Krugman laments that European policymakers excuse the EU's awful performance on the grounds that it is wrong and unfair to compare current performance against the hugely inflated bubble economies that existed prior to the crash. However this excuse fails rather miserably when one compares Ireland's performance to that of Thailand post crash:
The Baht and the Bubble Excuse - NYTimes.com
In any case, Asia from 1997 on provides a useful comparison. Southeast Asia in the mid-90s was a bubble — oh, boy, was it a bubble, with huge current account deficits and wild speculation in real estate. Nonetheless, by contrast with Europe’s crisis economies, the Asians fairly quickly returned to and then passed the pre-crisis peak:
I will say, 15 years ago it would never have occurred to me that we would be looking back at Asia’s crisis as a success story.
Part of the problem seems to be that many macro-economists and policy makers appear to be operating from a theory of an economy being a self-equilibrating system
not requiring much in the way of political/fiscal intervention to come out of recession and back to potential growth:
License To Stagnate - NYTimes.com
So what’s wrong with this pretty picture? Two ugly zeroes.
First is the zero lower bound on the interest rate: after a sufficiently large shock, the Taylor rule may say that you should keep cutting rates, but you can’t. Second is downward nominal rigidity, which isn’t quite as binding a constraint, but does lead the Phillips curve to be non-vertical in the face of very low inflation; as an IMF study of persistent large output gaps found, even years of a deeply depressed economy tend to produce at most slow, grinding deflation, and more usually slight positive inflation, not the ever-accelerating deflation the standard model would have predicted.
So here’s what happens after a large negative shock to the economy: the central bank finds itself up against the zero lower bound, so that all it can do is resort to controversial unorthodox measures. It might do that, or fiscal policy might be forced into action, if the economy really were suffering from accelerating deflation; but instead all you see is low inflation, which might even lead some central bankers to declare that they were doing their job just fine.
In the Bond movies, two zeroes meant a license to kill. In monetary policy, two zeroes — the hard zero on interest rates and the soft zero on wage changes — can, all too easily, give central bankers a de facto license to let the economy stagnate, remaining far below potential for an indefinite length of time.
As far as the Olli Rehns of this world are concerned, the latter problem - the soft zero on wage changes - is of course all the fault of the labour unions and the lack of "labour market reform"... I.e. the failure to impose even greater inequalities (and deflationary pressures) on European societies. And this is before one even considers the lack of a devaluation option for Eurozone countries in the grips of recession...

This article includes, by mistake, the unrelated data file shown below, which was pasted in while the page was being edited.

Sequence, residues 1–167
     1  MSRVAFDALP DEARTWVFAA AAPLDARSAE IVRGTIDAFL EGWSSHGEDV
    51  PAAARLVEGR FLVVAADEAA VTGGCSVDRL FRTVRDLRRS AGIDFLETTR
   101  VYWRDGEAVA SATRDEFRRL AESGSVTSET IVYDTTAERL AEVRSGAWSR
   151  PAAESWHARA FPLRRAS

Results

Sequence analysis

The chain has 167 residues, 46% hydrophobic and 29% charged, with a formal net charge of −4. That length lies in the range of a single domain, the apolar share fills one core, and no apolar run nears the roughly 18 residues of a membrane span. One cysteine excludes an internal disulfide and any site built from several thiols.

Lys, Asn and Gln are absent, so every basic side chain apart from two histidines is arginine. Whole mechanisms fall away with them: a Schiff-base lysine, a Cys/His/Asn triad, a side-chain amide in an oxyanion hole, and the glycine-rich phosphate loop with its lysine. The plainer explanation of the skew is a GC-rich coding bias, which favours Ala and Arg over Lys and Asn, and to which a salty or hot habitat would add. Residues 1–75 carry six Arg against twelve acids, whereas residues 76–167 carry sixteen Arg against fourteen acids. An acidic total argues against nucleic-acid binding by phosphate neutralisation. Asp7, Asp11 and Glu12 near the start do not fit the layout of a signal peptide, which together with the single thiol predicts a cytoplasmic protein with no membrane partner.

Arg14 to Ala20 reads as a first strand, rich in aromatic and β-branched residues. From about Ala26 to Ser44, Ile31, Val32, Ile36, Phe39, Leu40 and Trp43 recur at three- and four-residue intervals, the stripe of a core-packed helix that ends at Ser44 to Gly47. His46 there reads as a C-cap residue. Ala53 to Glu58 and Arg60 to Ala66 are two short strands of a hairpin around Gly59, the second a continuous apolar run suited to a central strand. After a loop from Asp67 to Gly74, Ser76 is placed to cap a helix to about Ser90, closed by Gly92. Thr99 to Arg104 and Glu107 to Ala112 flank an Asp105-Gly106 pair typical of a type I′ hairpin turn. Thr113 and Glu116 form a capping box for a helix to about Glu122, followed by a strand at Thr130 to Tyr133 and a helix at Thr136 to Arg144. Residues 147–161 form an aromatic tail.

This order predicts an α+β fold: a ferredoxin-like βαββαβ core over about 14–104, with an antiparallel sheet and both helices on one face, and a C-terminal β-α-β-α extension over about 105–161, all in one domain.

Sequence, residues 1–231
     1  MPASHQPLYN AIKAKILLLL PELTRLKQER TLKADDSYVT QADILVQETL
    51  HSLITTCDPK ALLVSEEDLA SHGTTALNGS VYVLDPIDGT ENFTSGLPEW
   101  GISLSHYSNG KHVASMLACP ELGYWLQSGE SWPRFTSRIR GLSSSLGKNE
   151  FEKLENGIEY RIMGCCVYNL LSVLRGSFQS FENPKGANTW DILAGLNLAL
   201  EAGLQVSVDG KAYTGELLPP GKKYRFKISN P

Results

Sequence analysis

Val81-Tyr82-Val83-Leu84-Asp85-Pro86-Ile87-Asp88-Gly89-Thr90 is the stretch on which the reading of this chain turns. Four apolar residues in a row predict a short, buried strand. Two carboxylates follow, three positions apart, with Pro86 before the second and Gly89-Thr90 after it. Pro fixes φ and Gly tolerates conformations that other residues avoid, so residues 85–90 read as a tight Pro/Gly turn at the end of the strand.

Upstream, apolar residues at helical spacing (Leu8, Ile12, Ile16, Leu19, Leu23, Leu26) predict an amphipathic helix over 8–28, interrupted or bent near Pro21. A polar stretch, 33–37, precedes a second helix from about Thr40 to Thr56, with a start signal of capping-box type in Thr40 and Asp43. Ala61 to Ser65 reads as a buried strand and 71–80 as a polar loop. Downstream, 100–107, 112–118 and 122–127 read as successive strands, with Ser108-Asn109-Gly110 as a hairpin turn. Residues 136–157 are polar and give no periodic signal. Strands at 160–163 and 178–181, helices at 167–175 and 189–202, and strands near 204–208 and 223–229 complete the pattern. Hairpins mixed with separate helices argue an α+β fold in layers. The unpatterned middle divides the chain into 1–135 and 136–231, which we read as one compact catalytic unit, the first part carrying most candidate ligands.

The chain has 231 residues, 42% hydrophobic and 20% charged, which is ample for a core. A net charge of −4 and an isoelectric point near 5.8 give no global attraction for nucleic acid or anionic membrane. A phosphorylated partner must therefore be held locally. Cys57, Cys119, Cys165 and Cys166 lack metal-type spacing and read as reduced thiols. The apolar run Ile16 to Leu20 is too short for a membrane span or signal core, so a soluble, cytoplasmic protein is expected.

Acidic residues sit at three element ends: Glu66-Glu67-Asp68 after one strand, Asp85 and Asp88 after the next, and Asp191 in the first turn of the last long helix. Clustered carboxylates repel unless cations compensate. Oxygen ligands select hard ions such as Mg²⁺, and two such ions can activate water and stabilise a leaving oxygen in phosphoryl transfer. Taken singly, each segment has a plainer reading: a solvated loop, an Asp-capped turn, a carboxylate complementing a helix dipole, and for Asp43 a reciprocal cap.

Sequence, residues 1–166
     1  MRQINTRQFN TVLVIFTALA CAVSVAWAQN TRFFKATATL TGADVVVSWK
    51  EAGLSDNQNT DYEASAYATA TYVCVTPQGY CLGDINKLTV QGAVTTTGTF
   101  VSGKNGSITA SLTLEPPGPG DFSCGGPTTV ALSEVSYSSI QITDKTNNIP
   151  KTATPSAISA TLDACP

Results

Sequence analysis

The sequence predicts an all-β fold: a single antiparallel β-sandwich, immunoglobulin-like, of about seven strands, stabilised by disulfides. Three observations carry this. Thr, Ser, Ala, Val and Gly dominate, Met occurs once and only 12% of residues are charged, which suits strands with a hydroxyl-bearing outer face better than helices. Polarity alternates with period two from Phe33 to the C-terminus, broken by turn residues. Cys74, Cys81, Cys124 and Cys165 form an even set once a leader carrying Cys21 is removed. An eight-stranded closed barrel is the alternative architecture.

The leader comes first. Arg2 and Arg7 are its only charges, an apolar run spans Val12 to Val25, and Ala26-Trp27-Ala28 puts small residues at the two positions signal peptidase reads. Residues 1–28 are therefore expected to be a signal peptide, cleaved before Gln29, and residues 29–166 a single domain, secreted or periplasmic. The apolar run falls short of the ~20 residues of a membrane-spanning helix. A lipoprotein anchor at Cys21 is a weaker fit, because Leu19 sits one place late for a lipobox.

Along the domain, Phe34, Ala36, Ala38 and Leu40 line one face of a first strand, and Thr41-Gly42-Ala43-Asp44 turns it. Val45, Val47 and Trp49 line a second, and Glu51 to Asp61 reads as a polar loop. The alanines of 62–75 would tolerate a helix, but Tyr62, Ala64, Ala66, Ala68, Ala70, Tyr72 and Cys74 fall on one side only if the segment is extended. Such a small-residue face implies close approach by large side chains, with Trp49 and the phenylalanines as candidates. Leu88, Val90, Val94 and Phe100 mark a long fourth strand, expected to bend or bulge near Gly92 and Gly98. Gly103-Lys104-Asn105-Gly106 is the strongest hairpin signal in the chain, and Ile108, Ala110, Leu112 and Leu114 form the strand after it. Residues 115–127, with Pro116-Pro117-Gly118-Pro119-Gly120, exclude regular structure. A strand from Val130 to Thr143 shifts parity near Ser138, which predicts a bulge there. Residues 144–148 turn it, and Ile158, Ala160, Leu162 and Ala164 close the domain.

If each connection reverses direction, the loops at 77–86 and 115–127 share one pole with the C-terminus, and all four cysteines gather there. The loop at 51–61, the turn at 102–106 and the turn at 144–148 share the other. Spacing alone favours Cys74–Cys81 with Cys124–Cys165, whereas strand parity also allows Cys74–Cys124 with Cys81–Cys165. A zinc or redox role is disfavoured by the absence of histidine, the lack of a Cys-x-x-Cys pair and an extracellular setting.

For all the progress of economic and political debate in the internet era, we are seeing perhaps the most complete example of popular ideological capture by our neo-liberal elites who have been arrogating to themselves the fruits of virtually all economic growth over the past 30 years. Most people seem to have come to accept declining growth, increased inequality, high unemployment and a withering welfare state as an unavoidable norm and are prepared to grasp at any straw indicating even a minor recovery.
Merkel's election strategy seems to be to demonstrate that Germany is not Greece - whilst ignoring the degree to which German dominance has caused the Greek crisis. Scapegoat somebody else and make your people glad they haven't been (relatively) scapegoated (yet) seems so be a winning strategy. Scare people about debt and economic uncertainty and then offer them the salvation of a few crumbs from the rich man's table. It is a psychological and rhetorical strategy well known to any hell-fire preacher: make people afraid of eternal damnation and they will be glad to pay their supplication to the State/Church as if it were an unavoidable insurance premium.
Whatever happened to the ideals of European solidarity, never mind the socialist revolution? Do we really need a war every generation to remind us of the horrors of allowing our elites unfettered access to power and the means of public propaganda? Where is the counter-cultural revolution, the class analysis, or the organized opposition to such policies? With European social democracy having been effectively assimilated by the elite, where is the new dynamic of change to come from?